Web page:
Cookies are pieces of text that websites store on your computer. Once you've visited a site with cookies enabled, it can use those cookies to collect information about how you use its services in order to deliver relevant advertisements or personalize content for you.
The problem is that not all cookies are used in this way: Some websites can use them to track your activity without your knowledge or consent, meaning they may be able to build up a picture of who you are and what your interests are by following which sites you visit—even if they aren't actually trying to serve ads or personalize content (at least directly).
What are cookies?
When you visit a website, it will often install cookies to store information about your browsing habits. Cookies are not harmful in any way and cannot be used to access your computer or personal data. They do not contain any personal information or transmit viruses, malware or spyware.
Cookies can be deleted from your browser if you wish to do so; however, they are usually essential for the operation of many websites (for example: requiring cookies when shopping online).
How do website cookies work?
To keep track of your browsing habits and the pages you visit.
To store your login details, so you don't have to log in every time you visit the website.
To track your online behavior and show you targeted ads based on preferences inferred from this data.
Why do websites install cookies on your computer?
Cookies are used to track user behavior. This is done by assigning a unique identifier to each visitor, which can then be used to identify them as they navigate the website. Cookies are also able to store information about your interests and preferences, so that websites can tailor their content and design according to your tastes or needs.
Cookies also allow websites to monitor how often you go back and how long you spend on their site, which helps them understand what pages of theirs are most popular (and thus which ones they should focus on improving).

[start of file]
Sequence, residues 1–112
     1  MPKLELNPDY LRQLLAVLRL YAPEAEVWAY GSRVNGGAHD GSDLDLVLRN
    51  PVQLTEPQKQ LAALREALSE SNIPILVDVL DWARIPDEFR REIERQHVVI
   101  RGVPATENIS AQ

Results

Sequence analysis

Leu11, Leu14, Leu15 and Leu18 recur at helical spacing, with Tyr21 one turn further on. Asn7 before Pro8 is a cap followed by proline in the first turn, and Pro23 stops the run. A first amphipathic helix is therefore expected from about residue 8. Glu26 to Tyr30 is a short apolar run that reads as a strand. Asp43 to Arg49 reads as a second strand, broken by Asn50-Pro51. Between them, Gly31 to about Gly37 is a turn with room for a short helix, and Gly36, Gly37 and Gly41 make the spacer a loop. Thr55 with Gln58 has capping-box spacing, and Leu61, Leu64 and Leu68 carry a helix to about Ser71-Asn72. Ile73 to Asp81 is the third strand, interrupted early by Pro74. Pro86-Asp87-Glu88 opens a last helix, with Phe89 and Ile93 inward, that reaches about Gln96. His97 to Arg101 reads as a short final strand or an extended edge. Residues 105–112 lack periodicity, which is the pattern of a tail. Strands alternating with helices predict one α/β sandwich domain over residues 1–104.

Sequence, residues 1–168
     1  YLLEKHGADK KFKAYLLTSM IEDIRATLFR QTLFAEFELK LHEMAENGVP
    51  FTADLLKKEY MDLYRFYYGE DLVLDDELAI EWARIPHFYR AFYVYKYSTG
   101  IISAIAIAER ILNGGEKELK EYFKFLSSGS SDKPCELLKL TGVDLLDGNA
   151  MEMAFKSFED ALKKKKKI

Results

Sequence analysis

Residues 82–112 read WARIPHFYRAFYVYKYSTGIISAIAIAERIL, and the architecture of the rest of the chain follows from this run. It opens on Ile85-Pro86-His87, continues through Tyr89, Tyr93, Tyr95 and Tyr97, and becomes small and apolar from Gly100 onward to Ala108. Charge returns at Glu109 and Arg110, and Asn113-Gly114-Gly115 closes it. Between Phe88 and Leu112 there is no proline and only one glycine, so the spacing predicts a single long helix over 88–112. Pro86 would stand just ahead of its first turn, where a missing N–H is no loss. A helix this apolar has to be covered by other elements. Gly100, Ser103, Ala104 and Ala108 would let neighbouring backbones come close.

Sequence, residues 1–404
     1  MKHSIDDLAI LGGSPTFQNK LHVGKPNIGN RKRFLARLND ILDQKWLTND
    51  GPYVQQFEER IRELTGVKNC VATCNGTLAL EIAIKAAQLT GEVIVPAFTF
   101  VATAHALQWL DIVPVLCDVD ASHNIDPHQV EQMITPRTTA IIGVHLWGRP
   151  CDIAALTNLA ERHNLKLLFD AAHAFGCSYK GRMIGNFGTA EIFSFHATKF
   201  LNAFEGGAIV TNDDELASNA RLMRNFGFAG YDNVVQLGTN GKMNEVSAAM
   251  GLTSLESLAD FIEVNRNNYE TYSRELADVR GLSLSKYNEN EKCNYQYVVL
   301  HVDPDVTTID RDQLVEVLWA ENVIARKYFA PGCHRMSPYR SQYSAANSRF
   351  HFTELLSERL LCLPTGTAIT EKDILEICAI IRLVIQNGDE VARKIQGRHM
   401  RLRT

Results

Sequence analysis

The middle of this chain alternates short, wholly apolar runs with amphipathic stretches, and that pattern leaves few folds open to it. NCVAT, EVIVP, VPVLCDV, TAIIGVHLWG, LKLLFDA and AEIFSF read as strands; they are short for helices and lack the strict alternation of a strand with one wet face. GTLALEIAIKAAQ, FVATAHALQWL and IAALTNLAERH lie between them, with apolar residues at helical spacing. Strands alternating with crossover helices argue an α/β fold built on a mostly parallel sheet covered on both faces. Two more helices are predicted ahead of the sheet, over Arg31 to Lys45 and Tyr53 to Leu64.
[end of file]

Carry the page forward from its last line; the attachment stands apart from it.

Cookies can be used in conjunction with IP addresses (an address assigned automatically by your Internet service provider) or browser cookies—the latter being the most common type of cookie tracked by websites today—to identify users across multiple devices when they log into the same account from different computers or mobile phones at once.
What information can cookies collect about you?
Cookies can store a lot of information about your web browsing habits.
Your IP address: A cookie may contain the website's IP address, which is how computers know where to send information back and forth across the internet. This means that if you're using one computer at home, and then another at work, a cookie will remember which computer has been used in order to track your browsing history as you move between devices.
The URL of the website you came from (also known as where you were on the internet): Cookies also include details about any sites or apps that users have visited recently; these websites each have their own unique cookies stored within them that tell advertisers what sites are popular with their customers (or potential customers).
The time and date of visits made by users: A unique identifier that identifies your device(s), such as an email address or phone number
Can website cookies harm your computer?
Cookies can be harmful if they are not controlled. If there is no control over the cookie, they may be used to track your browsing habits and collect personal information. Cookies can also be used to track your location and to track your passwords.
Types of website cookies?
There are three types of cookies: session, persistent and first-party.